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The Health Exam
Reprinted from Association of Avian Veterinarians, with editing, courtesy of Dr. D. Kersting DVM

Americans are accustomed to taking the family dog or cat to the Veterinarian for an annual check-up. It is even more important for a pet bird to have regular examinations, because birds tend to have very subtle symptoms of disease.


Isolation and quarantine of a new bird is the first and most important thing an owner should do. In order to protect other birds on the premises, it is advised that all newly acquired birds be maintained separately for a period of at least six weeks following purchase. Because many air-borne viruses may be spread from room to room by central air conditioning or heating systems, an off-premise location is preferred. Quarantine is essential for all new birds, even those that are believed to be "healthy".


The second most valuable step for a new bird owner is to establish a relationship with an avian veterinarian, preferably one who is a member of the Association of Avian Veterinarians.


An examination of a newly acquired bird within the first three days after purchase is recommended in order to protect the investment of the owner, to uncover and prevent possible disease conditions, and to educate the owner about appropriate bird care.


Even if new bird checks out "normal", results of diagnostic tests in the initial patient record provide valuable references for subsequent examinations.


Components of the Exam:


  • History: 
    Your veterinarian is very interested in what you know about the background of your bird-its age, sex, origin, length of time in the household, diet, and caging. Even if the bird has been a household pet for a long time, the veterinarian should be advised of any contact, direct or indirect, with other birds. Examples of indirect contact would be the owner’s buying a bulk seed from open bins in a pet shop that houses birds, or visiting other aviaries, bird shows, or bird markets.


  • Physical Evaluation: 
    From an initial, critical observation of the bird in the cage, the veterinarian can determine general body conformation (obesity, tumors), posture, attitude and character of respiration. Although many internal problems may not be evident from a step-by-step, hands on examination, an experienced avian veterinarian will be able to note abnormalities in the feathers, skin, beak, eyes, ears, cere, nares, oral cavity, bones, muscles, abdomen and vent.


  • Weight: 
    Once a bird has become an adult, the weight should remain relatively constant. Checking the weight occasionally, especially at the annual examination, will give valuable information about your bird’s health. A bird’s weight should be measured in grams, not ounces, in order to detect small increments of change.


Testing Procedures:


Depending on the bird’s history, results of physical examination, species, age and general condition, your veterinarian may suggest some of the following diagnostic techniques that will assist in evaluating your bird’s health.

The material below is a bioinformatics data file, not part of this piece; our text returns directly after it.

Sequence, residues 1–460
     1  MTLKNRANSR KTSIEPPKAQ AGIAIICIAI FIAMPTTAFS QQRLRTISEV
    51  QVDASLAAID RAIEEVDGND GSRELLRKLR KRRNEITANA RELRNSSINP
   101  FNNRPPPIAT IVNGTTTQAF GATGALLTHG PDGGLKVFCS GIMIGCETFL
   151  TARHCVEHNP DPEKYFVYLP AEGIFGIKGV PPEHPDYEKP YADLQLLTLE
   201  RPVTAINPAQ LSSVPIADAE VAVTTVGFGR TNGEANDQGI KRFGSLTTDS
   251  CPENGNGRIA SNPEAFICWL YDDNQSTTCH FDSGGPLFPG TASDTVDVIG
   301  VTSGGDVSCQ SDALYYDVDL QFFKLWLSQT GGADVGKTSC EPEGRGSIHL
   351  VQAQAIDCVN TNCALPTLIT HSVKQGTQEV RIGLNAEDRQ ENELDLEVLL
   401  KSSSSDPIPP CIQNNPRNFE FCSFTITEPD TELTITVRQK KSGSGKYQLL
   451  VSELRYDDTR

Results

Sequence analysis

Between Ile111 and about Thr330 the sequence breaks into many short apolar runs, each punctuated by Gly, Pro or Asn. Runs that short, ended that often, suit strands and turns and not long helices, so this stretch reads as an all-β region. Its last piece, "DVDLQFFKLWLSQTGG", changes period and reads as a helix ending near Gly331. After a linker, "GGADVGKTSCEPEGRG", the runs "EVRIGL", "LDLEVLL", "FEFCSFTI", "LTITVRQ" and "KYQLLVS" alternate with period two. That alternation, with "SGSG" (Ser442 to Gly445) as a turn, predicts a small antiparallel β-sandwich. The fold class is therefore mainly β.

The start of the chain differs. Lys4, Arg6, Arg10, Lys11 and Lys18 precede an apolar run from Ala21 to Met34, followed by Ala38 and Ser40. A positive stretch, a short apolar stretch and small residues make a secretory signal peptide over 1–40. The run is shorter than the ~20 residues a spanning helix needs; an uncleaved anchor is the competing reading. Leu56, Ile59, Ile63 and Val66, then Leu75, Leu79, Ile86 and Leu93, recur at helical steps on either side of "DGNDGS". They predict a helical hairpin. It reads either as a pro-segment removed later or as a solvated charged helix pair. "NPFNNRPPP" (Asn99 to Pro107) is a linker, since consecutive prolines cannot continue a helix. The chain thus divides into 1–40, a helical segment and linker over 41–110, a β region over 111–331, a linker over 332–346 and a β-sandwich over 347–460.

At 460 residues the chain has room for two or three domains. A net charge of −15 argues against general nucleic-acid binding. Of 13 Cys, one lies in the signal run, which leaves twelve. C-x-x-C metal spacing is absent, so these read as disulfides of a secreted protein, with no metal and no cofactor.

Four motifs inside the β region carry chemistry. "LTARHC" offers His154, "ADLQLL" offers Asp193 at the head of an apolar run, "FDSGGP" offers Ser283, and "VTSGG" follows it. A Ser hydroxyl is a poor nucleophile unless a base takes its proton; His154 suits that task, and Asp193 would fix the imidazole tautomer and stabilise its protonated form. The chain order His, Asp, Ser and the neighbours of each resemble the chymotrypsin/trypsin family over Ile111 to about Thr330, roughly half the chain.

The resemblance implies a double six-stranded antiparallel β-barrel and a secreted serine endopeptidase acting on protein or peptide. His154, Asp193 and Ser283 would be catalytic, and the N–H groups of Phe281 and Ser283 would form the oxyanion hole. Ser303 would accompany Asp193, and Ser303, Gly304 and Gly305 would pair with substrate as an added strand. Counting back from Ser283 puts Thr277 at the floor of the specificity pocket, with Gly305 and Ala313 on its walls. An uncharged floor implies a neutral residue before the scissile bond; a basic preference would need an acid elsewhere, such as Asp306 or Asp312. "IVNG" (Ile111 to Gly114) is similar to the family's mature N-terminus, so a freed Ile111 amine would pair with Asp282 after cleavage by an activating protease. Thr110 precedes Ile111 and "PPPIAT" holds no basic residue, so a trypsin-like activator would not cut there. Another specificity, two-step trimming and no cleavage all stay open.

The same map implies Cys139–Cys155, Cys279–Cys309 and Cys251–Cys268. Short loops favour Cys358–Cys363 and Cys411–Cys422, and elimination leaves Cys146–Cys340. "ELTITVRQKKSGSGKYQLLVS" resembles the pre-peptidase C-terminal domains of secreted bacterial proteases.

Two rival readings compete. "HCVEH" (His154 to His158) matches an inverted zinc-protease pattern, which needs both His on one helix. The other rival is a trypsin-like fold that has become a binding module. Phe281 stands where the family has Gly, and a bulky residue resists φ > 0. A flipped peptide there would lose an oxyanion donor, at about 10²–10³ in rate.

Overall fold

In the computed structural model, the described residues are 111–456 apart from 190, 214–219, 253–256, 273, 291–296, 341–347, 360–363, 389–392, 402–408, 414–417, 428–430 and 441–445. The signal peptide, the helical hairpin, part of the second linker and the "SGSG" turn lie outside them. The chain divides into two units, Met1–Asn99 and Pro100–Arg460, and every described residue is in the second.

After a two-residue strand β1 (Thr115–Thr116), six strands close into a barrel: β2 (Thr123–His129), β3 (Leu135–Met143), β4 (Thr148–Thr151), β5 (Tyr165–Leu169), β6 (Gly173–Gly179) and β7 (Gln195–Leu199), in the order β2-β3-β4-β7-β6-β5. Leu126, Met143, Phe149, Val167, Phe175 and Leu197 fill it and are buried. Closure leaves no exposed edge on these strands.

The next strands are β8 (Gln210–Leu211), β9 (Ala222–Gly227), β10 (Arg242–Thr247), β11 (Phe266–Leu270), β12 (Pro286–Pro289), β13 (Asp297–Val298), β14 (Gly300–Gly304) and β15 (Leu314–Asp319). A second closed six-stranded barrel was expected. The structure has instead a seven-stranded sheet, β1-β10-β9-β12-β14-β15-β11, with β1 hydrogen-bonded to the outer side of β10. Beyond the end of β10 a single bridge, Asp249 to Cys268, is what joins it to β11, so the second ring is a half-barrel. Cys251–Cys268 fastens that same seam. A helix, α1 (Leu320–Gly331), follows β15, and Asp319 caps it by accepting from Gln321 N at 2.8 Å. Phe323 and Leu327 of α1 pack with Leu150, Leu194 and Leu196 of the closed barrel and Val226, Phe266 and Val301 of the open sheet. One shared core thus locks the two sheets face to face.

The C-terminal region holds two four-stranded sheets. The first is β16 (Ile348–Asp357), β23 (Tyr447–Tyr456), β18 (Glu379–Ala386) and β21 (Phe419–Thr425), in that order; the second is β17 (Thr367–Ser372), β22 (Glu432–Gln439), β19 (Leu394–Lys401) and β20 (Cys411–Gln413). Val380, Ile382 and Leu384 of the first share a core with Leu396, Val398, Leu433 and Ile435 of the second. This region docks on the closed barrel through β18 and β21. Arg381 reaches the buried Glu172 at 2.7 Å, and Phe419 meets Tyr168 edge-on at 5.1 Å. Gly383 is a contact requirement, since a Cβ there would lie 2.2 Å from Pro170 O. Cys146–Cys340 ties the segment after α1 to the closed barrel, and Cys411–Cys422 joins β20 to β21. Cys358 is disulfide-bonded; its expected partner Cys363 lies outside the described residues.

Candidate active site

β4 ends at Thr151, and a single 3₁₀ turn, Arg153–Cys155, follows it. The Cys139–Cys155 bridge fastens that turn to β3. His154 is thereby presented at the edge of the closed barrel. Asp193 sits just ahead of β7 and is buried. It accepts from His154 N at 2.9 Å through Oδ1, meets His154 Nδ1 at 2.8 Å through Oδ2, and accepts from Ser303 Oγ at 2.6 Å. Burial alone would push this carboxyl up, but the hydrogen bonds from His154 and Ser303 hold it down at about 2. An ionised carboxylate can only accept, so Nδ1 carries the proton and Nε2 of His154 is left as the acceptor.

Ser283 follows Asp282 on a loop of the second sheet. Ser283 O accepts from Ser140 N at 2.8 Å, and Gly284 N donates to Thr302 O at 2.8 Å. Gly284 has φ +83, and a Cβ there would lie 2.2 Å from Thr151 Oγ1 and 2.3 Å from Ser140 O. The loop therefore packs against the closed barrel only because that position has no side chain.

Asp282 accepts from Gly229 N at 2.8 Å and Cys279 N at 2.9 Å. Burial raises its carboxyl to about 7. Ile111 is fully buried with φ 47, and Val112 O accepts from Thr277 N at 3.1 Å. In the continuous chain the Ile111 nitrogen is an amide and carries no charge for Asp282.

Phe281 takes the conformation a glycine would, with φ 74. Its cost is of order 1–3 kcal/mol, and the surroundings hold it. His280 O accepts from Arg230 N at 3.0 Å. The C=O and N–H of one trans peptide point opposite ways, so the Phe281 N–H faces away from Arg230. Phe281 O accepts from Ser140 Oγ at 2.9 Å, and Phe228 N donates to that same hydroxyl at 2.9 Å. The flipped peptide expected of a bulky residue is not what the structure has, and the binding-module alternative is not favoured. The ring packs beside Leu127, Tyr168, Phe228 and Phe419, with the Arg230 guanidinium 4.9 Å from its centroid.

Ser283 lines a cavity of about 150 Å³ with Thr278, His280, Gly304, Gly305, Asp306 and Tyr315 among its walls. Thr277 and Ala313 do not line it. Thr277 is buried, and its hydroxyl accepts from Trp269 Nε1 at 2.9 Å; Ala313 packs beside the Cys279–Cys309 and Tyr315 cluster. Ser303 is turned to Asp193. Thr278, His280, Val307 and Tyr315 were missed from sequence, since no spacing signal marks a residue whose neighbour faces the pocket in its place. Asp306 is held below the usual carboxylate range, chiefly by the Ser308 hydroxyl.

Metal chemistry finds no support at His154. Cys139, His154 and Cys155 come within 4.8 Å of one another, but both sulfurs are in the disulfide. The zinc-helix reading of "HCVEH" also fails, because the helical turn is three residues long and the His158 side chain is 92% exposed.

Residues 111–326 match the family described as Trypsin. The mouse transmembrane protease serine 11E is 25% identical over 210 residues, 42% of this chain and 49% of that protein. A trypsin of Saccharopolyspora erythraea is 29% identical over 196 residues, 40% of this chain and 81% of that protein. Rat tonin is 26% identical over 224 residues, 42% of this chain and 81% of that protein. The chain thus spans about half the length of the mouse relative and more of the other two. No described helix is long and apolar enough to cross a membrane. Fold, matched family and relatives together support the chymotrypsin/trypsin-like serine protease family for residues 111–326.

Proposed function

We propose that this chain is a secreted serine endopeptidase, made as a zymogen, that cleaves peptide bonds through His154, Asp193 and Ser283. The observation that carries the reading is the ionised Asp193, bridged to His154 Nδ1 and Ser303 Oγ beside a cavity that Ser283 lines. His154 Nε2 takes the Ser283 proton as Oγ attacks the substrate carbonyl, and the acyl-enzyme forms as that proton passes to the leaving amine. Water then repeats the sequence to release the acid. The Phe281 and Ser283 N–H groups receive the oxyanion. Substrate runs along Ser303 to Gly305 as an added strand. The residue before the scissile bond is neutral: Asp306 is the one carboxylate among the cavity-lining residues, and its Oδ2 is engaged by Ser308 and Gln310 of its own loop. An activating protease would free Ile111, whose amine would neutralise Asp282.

• Appraisal of Droppings: The appearance of the dropping-volume, color and composition- may help the veterinarian generally assess the bird’s health and consider certain disease conditions. Most birds are nervous in the clinic, so their droppings may be abnormally loose there. A fecal sample may be examined microscopically to determine the presence of internal parasites.

  • Psittacosis Test: Several screening tests are available for the detection of psittacosis or parrot fever. This is important as part of the new bird exam or annual check-up because the causative agent, Chlamydia psittaci, may be transmitted from birds to humans.

  • Blood Test: A blood sample might be taken to determine the amount and distribution of blood cells. This information may suggest the possibility of certain diseases, and further tests may be indicated for conformation. A series of chemistry tests performed on the blood samples may point to imbalances in biochemical functions and suggest the possibility of organ dysfunction. Blood parasites may also be detected.

  • Microbiology: Your avian veterinarian may recommend a culture of the choana (throat), cloaca (vent), crop (esophagus), or some other tissue/fluid sample to determine abnormal growth of bacteria or yeast. At the same time, antibiotic sensitivity discs may be used to determine an appropriate an antibiotic to be used if the bacterial growth requires therapy.

  • Radiographs: X-rays may be used to assess the internal condition of your bird. The presence of old or new fractures, the size and relative relationship of internal organs, the presence of foreign bodies or soft tissue masses such as tumors, and the condition of lungs and air sacs are often evaluated with radiographs. The use of anesthesia may be necessary to produce quality X-rays.

  • Cytology: With the use of special stains, a veterinarian skilled in this procedure can evaluate smears of tissues or fluids to a assists in making a diagnosis.

  • Virus Screening: Some new tests are currently being developed to screen birds for certain viruses. The detection of viruses is especially important of aviary birds. Some viral agents do not express themselves as clinical disease until the bird is under stress, such as laying eggs, feeding young or at weaning.

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